Warren Buffett Is Netting Between a 20% and 54% Yield Annually From These Stocks

Warren Buffett Is Netting Between a 20% and 54% Yield Annually From These Stocks

Key Points

Buffett has overseen a greater than 3,900,000% increase in Berkshire Hathaway’s shares since becoming CEO.

Allowing his investment theses to play out over long periods of time is key to Buffett’s success.

Berkshire Hathaway’s yield, relative to cost basis, is 20% or higher for this stock trio.

Few investors have a knack for making money quite like Berkshire Hathaway ( NYSE:BRK.A )( NYSE:BRK.B ) CEO Warren Buffett. Since becoming CEO in 1965, the Oracle of Omaha has created more than $710 billion in shareholder value and led the company’s Class A shares (BRK.A) to a gain of more than 3,900,000%.

One of the many reasons Buffett is so successful is his willingness to let his investment theses play out over long periods of time. Being patient has allowed Buffett’s holdings to appreciate in value along with the U.S. and global economy over many decades. Berkshire Hathaway CEO Warren Buffett. Image source: The Motley Fool. Additionally, this patience has allowed the dividend stocks in which Berkshire Hathaway holds stakes to increase their payouts significantly. When income stocks are held for decades, their yields, relative to cost basis, can skyrocket. That’s exactly what’s happened to three of Warren Buffett’s stocks.

Thanks to the Oracle of Omaha’s long-term mindset, the following stocks are now yielding between 20% and 54% annually for Berkshire Hathaway. American Express: 20.3% annual yield, relative to cost basis

Credit-services company American Express ( NYSE:AXP ) is one of Berkshire Hathaway’s longest continuous holdings. It’s been a fixture in Buffett’s portfolio since 1993, with a cost basis of $8.49 per share.

However, AmEx has substantially grown its quarterly payout over the past three decades. Even though its current yield is slightly below 1%, the company’s $1.72 base annual payout works out to a 20.3% annual yield on cost for Berkshire Hathaway.

There are two reasons American Express has been such a successful long-term holding for Buffett. First of all, it’s a cyclical company that benefits immensely when the U.S. and global economy are firing on all cylinders.

Even though Buffett is well aware that recessions are inevitable, he also understands that periods of economic expansion last considerably longer than contractions. This allows AmEx to benefit from an increase in consumer and business spending over long periods of time.

To build on this point, AmEx acts as both a payment processor and lender . By lending, the company is able to generate fee and interest-based revenue during these long-winded periods of economic expansion. Essentially, the company can double-dip when the U.S. and global economy are growing.

The second factor working in American Express’ favor is its ability to court affluent cardholders. Well-to-do people are less inclined to alter their spending habits when economic contractions or recessions arise. This makes it less likely that AmEx will deal with a surge in loan or credit delinquencies. Image source: Getty Images. Moody’s: 27.9% annual yield, relative to cost basis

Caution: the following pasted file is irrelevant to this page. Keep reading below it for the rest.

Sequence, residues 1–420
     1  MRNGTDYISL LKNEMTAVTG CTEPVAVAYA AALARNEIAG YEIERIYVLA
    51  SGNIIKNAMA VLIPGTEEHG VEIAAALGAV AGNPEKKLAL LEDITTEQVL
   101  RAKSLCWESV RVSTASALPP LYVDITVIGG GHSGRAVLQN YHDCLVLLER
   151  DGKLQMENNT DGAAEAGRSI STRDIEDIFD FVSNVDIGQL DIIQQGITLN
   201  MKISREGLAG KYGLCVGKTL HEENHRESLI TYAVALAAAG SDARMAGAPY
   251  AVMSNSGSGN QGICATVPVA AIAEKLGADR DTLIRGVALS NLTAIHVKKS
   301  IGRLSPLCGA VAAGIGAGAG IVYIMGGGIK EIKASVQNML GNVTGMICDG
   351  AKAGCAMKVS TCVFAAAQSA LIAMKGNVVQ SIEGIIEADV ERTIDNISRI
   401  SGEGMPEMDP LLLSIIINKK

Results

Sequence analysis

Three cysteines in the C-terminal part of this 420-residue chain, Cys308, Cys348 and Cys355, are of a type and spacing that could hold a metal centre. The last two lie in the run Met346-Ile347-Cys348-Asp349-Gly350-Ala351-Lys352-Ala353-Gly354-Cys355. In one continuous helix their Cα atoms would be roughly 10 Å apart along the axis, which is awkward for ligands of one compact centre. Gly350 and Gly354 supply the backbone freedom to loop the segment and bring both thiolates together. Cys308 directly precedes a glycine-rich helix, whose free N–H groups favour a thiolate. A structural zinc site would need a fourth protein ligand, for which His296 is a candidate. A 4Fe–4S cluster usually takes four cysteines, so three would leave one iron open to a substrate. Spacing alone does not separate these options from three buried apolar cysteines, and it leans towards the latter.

Interestingly, AmEx isn’t the highest-yielding financial stock in Warren Buffett’s portfolio. That honor belongs to credit-ratings agency Moody’s ( NYSE:MCO ), which has been a continuous holding since being spun off from Dun & Bradstreet in 2000.

According to Berkshire Hathaway’s recently filed annual shareholder letter, Buffett’s cost basis on Moody’s is about $10.05 per share. Despite Moody’s current yield totaling a meager 0.86%, the company’s base annual payout of $2.80 works out to a nearly 28% yield, relative to Buffett’s cost basis.

There are two catalysts that really make Moody’s tick. To begin with, the company’s debt-rating division has benefited from historically low lending rates over the past decade. With lending rates pushing lower, Moody’s was tasked with reviewing and rating an increasing number of corporate-bond offerings. Even now, with the Federal Reserve set to begin raising rates next week, rates remain low enough that Moody’s ratings division should remain busy.

But perhaps the bigger growth opportunity moving forward stems from Moody’s analytics segment. This is a division that helps businesses maintain regulatory compliance, as well as assess a variety of economic and credit risks.

Over just the past couple of years, we’ve witnessed a trade war between the U.S. and China, a global pandemic unlike anything we’ve seen over the past century, and now, a conflict between Russia and Ukraine. These represent some of the many examples where Moody’s Analytics segment will be relied on to help businesses navigate uncertain economic situations.

Considering that Moody’s has increased its quarterly payout by 600% since 2010, there’s a good chance Buffett’s annual yield on cost of 28% will head substantially higher in the […]

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